When U.S. physicians prescribe antibiotics, more than 60 percent of the time they choose some of the strongest types of antibiotics, referred to as "broad spectrum," which are capable of killing multiple kinds of bacteria, ...

Targeting prescribers can reduce excessive use of antibiotics in hospitals

April 29, 2013
Giving prescribers access to education and advice or imposing restrictions on use can curb overuse or inappropriate use of antibiotics in hospitals, according to a new Cochrane systematic review. This is important because ...

Variations in antibiotic prescribing of acute rhinosinusitis in united states ambulatory settings

May 9, 2013
Antibiotics for acute rhinosinusitis (ARS) are prescribed frequently— especially for younger adult patients and in primary care settings—despite recent consensus guidelines that discourage antibiotic use in mild cases, ...

Better communication reduces prescriptions for antibiotics

April 2, 2013
(HealthDay)—Neither C-reactive protein testing nor enhanced physician communication training resulted in reduced office visits, but enhanced communication training resulted in less prescribing for antibiotics for respiratory ...

Recommended for you

Creation of synthetic horsepox virus could lead to more effective smallpox vaccine

January 19, 2018
UAlberta researchers created a new synthetic virus that could lead to the development of a more effective vaccine against smallpox. The discovery demonstrates how techniques based on the use of synthetic DNA can be used to ...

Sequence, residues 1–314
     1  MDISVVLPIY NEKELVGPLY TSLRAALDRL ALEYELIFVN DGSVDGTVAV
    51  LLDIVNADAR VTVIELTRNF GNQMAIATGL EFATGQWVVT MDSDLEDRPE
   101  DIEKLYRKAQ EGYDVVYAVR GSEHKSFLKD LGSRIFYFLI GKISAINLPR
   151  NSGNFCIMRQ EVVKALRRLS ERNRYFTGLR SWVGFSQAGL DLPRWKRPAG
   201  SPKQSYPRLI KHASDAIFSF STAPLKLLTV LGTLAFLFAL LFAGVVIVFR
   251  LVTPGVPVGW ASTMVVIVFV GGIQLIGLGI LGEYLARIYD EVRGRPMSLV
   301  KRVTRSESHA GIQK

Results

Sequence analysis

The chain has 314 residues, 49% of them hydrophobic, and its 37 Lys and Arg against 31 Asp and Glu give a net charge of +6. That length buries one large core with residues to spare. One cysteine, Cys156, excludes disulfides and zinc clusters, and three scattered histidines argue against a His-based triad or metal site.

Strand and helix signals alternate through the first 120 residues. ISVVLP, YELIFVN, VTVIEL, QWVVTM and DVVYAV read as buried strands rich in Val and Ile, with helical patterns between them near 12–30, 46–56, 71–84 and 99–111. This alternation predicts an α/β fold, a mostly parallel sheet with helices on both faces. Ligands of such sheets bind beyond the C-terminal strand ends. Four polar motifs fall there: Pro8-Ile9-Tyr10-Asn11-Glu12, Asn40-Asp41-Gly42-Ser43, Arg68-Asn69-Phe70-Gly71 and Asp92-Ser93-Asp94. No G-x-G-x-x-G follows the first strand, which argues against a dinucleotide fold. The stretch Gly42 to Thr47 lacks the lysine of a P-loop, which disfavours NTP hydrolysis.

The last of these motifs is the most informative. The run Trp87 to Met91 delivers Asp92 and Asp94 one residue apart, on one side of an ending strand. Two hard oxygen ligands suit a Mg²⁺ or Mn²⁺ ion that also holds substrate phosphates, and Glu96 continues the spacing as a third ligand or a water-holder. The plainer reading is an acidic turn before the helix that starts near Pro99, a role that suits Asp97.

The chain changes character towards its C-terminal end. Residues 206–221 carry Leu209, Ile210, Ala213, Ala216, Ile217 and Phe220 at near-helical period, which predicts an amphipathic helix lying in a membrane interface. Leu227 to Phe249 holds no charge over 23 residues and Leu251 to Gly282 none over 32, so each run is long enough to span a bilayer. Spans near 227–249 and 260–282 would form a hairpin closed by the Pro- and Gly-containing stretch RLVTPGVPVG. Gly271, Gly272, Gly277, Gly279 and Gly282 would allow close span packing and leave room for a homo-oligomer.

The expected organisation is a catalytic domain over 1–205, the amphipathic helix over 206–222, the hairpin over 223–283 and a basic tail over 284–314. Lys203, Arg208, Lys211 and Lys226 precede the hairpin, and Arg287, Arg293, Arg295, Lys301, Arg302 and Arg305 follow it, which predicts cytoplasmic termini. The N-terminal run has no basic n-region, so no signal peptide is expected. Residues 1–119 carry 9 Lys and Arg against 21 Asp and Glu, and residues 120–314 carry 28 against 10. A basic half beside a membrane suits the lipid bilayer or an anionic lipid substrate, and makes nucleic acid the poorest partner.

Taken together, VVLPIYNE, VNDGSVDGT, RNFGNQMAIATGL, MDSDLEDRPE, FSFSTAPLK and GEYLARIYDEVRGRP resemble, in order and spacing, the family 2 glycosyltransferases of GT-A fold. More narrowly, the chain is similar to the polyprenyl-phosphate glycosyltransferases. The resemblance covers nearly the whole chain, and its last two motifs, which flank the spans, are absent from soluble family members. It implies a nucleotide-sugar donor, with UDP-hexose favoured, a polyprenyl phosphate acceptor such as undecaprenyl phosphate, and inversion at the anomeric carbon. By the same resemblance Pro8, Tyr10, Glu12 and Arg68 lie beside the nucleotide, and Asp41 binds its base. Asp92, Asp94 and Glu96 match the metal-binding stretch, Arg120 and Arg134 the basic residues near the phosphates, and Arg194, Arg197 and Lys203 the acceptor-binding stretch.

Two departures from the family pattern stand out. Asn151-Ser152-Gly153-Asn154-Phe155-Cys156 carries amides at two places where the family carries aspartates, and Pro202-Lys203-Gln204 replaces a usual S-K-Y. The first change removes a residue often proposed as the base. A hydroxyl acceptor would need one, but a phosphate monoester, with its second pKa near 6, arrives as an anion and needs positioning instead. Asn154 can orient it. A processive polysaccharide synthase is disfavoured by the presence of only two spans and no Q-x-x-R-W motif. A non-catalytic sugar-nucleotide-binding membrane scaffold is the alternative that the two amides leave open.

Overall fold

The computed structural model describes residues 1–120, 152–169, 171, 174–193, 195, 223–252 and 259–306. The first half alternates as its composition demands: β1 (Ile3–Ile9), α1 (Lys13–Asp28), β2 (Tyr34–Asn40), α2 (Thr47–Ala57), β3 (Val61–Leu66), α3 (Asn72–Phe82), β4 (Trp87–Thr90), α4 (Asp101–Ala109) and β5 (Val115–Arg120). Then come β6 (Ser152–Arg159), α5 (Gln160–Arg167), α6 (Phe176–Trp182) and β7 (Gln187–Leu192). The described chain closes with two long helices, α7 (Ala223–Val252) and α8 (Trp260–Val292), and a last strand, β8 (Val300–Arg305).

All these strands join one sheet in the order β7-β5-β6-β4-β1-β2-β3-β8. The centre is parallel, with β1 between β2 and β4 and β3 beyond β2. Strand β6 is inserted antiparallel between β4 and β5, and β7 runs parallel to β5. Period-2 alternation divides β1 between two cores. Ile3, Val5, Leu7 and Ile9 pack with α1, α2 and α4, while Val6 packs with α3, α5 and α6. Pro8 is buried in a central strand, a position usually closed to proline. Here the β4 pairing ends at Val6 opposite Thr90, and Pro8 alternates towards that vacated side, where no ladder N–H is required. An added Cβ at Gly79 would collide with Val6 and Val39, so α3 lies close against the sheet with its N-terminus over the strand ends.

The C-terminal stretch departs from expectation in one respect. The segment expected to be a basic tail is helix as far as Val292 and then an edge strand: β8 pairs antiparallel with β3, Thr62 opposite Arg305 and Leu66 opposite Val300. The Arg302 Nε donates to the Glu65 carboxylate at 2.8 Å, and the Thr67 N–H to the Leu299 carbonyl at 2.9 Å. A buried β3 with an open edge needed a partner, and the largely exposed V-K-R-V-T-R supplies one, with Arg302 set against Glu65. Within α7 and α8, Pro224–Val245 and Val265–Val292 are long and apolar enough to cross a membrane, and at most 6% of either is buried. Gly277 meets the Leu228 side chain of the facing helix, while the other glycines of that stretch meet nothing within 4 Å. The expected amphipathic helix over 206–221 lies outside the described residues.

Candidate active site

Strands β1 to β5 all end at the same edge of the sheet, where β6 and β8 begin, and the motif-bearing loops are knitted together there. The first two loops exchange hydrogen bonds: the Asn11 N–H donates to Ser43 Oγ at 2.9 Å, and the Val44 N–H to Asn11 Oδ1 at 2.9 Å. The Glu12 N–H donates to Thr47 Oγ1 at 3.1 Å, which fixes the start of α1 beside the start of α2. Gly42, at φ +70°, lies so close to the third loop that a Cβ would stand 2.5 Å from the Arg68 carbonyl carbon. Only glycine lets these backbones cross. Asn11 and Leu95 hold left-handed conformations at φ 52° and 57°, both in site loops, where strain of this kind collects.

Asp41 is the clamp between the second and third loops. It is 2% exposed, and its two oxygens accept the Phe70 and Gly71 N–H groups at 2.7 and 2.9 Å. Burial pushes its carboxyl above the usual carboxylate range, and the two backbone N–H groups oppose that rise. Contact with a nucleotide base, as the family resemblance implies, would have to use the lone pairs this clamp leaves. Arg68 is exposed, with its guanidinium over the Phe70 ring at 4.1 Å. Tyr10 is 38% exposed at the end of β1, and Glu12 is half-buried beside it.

Study ends debate over role of steroids in treating septic shock

January 19, 2018
The results from the largest ever study of septic shock could improve treatment for critically ill patients and save health systems worldwide hundreds of millions of dollars each year.

New approach could help curtail hospitalizations due to influenza infection

January 18, 2018
More than 700,000 Americans were hospitalized due to illnesses associated with the seasonal flu during the 2014-15 flu season, according to federal estimates. A radical new approach to vaccine development at UCLA may help ...

Zika virus damages placenta, which may explain malformed babies

January 18, 2018
Though the Zika virus is widely known for a recent outbreak that caused children to be born with microencephaly, or having a small head, and other malformations, scientists have struggled to explain how the virus affects ...

Certain flu virus mutations may compensate for fitness costs of other mutations

January 18, 2018
Seasonal flu viruses continually undergo mutations that help them evade the human immune system, but some of these mutations can reduce a virus's potency. According to new research published in PLOS Pathogens, certain mutations ...

Study reveals how MRSA infection compromises lymphatic function

January 17, 2018
Infections of the skin or other soft tissues with the hard-to-treat MRSA (methicillin-resistant Staphylococcus aureus) bacteria appear to permanently compromise the lymphatic system, which is crucial to immune system function. ...

0 comments

Please sign in to add a comment. Registration is free, and takes less than a minute. Read more

Click here to reset your password.
Sign in to get notified via email when new comments are made.